I was approached by a startup founder the other day about when to approach SEO? To say I get this question or the question of how to get started often, would be an understatement. I’ve been doing this since 2002, dating myself quite a bit, which is a really really long time. I’ve seen all the iterations from spam to “white hat” to the usability side of it, and I always come back to the same things: build a great product, have great site architecture, and create amazing content…and you’ll easily win!
Okay, I know, that’s easier said than done. Because, of that, not a lot of startup founders have the experience I’ve had when it comes to launching into building an SEO Strategy or Program, no matter the stage.
Also, I have found many of these startups have investors OR advisors telling them they need to start doing SEO right away. (And, while it does Visible Factors an injustice to say that is incorrect advice, we’re not in the business of billing, just to bill.) It’s important to think through the phase the business is in relative to the approach of SEO the company should be taking.
Sometimes just an SEO Audit is a great start
One of the things I always tell people is to get started building SEO into your product from the day you get started. When founding Eventup, it was pretty easy for me to start building in the best practices, infrastructure, and requirements to start owning certain phrases quickly, because of my knowledge and experience. But, if you or your team is not well versed, it’s best to bring someone on with this expertise to build this out for you.
An SEO Audit can be pricey, but, you know what is even pricier? Getting an audit six months later and having to re-architect your site architecture, URL architecture, and page content all over again. You’ll be paying for the audit, plus all the development costs to re-engineer a large part of the site. Plus, add in the time and effort to pert resources from product development to this.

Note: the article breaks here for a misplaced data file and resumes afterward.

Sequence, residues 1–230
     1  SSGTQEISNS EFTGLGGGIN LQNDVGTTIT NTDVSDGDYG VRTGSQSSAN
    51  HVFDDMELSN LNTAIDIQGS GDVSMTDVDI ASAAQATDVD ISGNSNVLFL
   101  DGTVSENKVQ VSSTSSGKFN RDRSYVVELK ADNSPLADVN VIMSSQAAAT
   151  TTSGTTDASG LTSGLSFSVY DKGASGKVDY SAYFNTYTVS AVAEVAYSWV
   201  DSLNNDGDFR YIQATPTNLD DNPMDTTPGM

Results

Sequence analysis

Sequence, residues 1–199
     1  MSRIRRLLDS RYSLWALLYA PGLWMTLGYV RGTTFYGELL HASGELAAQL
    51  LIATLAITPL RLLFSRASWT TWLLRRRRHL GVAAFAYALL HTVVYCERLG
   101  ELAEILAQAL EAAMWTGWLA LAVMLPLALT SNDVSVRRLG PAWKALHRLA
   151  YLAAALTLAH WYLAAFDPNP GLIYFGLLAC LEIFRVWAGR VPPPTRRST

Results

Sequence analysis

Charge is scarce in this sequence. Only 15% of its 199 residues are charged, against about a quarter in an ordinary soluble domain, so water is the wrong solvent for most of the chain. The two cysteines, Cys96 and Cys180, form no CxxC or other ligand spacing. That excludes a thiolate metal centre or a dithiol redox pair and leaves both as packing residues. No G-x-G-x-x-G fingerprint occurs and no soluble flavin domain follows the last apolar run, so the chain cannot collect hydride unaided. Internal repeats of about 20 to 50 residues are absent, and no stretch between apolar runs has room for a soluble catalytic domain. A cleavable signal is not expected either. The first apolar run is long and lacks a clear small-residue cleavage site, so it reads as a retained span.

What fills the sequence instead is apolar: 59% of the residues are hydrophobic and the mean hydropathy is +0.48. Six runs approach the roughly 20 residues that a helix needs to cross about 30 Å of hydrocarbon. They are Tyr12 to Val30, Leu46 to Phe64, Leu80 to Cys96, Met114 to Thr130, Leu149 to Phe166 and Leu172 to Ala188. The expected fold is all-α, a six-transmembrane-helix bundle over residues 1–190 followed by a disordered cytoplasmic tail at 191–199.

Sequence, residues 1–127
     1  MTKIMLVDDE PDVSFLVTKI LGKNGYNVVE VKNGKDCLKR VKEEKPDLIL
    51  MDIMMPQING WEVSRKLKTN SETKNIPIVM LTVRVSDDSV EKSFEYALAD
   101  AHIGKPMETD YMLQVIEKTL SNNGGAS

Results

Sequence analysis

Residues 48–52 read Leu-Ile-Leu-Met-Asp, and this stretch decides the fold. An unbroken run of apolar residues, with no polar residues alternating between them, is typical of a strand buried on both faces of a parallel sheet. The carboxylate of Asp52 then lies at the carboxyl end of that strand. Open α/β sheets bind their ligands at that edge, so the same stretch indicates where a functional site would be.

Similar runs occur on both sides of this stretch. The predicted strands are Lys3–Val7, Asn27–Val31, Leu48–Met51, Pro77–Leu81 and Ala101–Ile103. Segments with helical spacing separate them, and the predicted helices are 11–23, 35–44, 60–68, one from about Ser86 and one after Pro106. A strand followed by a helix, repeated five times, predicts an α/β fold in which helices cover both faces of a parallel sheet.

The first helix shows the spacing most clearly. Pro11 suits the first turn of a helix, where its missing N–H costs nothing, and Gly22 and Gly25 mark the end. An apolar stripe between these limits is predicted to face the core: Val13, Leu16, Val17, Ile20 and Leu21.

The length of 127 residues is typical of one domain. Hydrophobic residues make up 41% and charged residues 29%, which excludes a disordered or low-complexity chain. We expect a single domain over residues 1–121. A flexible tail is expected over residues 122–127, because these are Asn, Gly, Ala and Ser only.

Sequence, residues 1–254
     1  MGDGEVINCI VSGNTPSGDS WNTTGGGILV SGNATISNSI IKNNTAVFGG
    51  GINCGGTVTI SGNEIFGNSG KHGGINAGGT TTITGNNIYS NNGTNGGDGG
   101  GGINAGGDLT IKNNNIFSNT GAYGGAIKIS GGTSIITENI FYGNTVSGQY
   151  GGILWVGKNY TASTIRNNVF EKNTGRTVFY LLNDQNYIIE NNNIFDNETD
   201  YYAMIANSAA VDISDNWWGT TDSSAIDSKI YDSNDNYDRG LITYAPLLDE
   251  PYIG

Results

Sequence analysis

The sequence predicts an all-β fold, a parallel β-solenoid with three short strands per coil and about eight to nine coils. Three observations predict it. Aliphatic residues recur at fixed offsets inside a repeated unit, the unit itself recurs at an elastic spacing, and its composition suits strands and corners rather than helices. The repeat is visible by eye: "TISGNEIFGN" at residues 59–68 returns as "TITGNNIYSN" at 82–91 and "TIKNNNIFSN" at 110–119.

I always recommend at least starting here so you can get the basics implemented and lay the groundwork for future endeavors around SEO.
SEO just might need to wait
Great, so now I am contradicting myself, but, I promise it makes sense. If you’re an e-commerce marketplace or content/media company, it makes total sense to get moving right away because SEO can be a big part of your growth. But, other examples like lets say a B2B company targeting restaurants, yoga studios, etc. should wait on SEO because you’re even sure if there truly is search intent out there and if people will convert based on that intent. Many SMBs are bombarded with people trying to advertise to them and other searches like “how do I get customers” are so generic you might not even generate a conversion.
Where should I start before SEO?
Usually my recommendation here is, start testing some SEM to understand if people are actually converting. Don’t worry about the conversion rates, don’t worry about optimization of keywords. But, answer three simple questions:
Can I drive people to our website and have them convert into customers or leads?
Is there enough search intent and volume of phrases people are searching for to benefit the endeavor?
Can we afford to invest in this for 6-12 months before seeing a considerable return?